High Altitude Pseudo-Satellites

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The growth of unmanned aerial vehicles (UAVs) and cheap satellites in recent years has prompted scientists, researchers, military and business interests to look at systems that operate in between or are a hybrid of UAVs and satellites. High altitude pseudo-satellites (HAPS) are systems or platforms that usually float or operate for long periods, sometimes for months, at about 20 km above the Earth’s surface.  This puts them in the range of the stratosphere, where these heights can put them above commercial aircraft and at heights that avoid turbulence and moisture.[1]

Benefits of High altitude pseudo-satellites

The benefit of HAPS is they can complement satellite systems, by staying somewhat stationary, but are also maneuverable and potentially easier to deploy. They can provide a longer duration of flight relative to UAVs as well. This has prompted the European Space Agency (ESA) to look at them closely as one way to complement existing Earth Observing System (EOS) satellites currently used. Benefits of these systems include improved telecommunications, intelligence gathering and scientific observation of regions that the EU wants to expand.[2]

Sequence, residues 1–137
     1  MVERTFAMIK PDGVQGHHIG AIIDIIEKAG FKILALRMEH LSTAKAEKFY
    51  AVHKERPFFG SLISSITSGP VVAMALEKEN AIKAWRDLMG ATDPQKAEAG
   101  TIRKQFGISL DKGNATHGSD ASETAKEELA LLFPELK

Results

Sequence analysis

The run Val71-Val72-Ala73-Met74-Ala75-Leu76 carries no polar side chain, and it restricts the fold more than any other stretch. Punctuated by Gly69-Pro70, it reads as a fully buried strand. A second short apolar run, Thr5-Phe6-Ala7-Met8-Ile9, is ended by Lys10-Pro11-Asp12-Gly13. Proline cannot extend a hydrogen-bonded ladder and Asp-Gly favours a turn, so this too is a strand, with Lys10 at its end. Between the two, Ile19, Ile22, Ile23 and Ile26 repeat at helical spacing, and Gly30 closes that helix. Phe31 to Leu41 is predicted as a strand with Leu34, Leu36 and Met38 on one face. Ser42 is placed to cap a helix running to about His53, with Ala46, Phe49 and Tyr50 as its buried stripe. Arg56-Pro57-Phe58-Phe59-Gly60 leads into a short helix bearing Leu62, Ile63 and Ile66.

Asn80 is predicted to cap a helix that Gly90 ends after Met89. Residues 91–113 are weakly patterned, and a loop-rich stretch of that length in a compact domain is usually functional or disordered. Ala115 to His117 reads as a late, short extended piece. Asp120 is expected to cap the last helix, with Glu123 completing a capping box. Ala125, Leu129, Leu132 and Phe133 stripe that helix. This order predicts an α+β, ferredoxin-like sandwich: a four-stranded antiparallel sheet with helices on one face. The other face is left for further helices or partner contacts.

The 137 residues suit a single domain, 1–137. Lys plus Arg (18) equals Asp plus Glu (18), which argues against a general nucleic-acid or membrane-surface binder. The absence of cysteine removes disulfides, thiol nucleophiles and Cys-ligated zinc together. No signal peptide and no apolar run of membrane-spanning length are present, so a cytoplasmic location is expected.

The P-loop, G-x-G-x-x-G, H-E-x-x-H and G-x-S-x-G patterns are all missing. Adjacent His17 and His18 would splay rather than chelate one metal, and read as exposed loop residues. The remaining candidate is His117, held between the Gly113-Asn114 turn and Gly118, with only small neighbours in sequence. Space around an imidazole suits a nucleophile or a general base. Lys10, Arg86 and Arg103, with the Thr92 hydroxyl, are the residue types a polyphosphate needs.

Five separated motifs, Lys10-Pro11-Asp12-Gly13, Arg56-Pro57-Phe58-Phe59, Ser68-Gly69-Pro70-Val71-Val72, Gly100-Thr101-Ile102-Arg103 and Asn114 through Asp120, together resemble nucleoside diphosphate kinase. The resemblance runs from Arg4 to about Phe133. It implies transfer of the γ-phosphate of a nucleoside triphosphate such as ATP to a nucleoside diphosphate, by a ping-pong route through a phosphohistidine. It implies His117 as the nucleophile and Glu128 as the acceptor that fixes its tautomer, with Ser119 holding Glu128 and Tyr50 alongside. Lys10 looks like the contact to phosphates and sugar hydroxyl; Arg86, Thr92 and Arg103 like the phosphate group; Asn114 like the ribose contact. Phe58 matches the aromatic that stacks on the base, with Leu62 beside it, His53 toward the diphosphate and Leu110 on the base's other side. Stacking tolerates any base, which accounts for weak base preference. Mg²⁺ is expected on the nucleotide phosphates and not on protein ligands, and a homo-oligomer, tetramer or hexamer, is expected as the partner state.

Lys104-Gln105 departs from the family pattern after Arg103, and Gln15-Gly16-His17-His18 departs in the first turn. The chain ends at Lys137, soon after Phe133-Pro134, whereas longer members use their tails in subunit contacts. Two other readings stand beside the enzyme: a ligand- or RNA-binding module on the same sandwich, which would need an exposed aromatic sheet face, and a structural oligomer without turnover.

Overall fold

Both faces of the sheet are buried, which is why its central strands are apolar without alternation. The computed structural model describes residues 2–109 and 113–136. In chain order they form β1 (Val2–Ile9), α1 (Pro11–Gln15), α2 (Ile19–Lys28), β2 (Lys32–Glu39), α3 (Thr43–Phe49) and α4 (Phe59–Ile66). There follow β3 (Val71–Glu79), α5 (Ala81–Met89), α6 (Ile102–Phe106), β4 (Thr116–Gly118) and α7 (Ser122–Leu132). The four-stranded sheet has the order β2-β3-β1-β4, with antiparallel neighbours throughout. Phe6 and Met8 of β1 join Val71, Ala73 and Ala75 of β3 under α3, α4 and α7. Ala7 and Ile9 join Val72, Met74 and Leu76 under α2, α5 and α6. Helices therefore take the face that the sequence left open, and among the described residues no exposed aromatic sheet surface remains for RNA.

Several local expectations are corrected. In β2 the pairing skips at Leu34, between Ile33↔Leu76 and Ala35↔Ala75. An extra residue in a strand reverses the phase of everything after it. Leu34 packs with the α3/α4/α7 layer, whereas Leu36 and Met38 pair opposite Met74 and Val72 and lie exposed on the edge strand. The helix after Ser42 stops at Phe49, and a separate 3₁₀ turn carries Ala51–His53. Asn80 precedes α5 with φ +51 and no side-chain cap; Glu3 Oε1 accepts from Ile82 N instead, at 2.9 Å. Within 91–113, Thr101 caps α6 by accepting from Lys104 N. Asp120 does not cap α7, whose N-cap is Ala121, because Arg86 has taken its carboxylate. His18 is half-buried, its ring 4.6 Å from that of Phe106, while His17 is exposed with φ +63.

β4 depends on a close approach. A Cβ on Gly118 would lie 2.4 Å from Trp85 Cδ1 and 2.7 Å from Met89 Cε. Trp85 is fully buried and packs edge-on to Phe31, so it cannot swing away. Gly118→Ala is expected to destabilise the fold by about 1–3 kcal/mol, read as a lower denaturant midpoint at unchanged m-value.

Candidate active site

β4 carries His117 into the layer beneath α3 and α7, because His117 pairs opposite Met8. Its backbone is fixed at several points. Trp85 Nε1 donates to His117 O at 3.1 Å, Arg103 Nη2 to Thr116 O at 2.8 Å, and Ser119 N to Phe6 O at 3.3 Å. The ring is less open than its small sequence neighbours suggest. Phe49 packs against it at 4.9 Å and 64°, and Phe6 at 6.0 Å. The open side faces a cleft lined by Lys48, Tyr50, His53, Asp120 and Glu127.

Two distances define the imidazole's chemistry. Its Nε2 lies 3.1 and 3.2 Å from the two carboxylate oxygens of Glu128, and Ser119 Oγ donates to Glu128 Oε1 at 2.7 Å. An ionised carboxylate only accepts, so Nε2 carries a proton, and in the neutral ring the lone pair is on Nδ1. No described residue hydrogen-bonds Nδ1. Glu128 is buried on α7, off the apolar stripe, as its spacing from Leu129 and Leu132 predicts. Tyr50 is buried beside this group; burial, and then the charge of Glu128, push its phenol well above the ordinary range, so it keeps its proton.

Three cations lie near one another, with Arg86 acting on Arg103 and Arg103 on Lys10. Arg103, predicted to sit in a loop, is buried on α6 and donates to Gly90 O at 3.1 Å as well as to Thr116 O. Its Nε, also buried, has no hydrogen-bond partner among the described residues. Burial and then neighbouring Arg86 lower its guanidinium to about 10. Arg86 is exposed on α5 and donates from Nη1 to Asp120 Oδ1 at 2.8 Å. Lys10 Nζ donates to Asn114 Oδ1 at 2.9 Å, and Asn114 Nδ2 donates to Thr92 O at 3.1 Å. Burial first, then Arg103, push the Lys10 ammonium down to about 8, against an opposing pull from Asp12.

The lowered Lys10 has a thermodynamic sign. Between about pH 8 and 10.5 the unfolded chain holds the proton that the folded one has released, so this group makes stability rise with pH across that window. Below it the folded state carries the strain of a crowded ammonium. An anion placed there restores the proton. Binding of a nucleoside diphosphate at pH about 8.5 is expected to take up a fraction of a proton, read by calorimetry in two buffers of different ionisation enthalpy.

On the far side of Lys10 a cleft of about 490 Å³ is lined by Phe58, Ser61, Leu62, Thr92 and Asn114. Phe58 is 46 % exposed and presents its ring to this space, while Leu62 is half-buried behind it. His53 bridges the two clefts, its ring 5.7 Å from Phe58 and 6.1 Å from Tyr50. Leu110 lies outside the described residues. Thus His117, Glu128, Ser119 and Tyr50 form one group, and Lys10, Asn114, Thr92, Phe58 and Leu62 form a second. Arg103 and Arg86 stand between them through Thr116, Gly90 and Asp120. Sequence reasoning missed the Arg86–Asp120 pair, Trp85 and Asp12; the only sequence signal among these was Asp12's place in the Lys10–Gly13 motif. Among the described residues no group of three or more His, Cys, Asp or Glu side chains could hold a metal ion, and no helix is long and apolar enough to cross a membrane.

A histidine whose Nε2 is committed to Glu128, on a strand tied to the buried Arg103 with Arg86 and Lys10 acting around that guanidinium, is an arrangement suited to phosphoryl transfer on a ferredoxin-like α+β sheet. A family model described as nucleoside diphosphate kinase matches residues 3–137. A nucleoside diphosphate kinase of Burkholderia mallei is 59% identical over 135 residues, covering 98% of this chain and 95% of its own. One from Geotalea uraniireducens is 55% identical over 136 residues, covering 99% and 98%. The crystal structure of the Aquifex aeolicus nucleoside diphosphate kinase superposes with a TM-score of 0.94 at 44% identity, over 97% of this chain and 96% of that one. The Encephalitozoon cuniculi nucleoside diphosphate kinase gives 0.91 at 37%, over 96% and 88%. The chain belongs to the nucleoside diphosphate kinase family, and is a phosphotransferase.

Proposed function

Powering HAPS with Solar

The most common type of platforms are forms of airplanes, airships and balloons, where these platforms could be powered by solar panels. One area where there has been great interest has been by internet companies such as Google, within their Loon program, and Facebook. These projects include stratospheric balloons that create a network of wireless stations. Such types of HAPS can provide easier internet access for regions with poorly developed communication infrastructure by relaying signals across vast distance while the balloons can stay in these altitudes for months or even longer.[3]

Artistic rendition of High Altitude Pseudo-Satellites, or HAPS. Image: ESA Earth Observation Graphics Bureau

Artistic rendition of High Altitude Pseudo-Satellites, or HAPS. Image: ESA Earth Observation Graphics Bureau

Zephyr Program

The commercial aircraft company Airbus has also design the Zephyr program, which is used to provide communications and payload capabilities. The Zephyr S provides voice data and communications, while the Zephyr T provides large payloads. These systems also make flight cheaper, due to less friction at high altitudes, and can fly using solar powered charging. The Zephyr platforms are still more like UAVs, but are being increasingly transformed to longer endurance aircraft. One area of expansion of the use of these vehicles will be in military intelligence gathering, particularly in marine environments where refueling is difficult. This is one area that the United States and UK governments are likely to pursue in future use of HAPS.[4]

Other applications of High altitude pseudo-satellites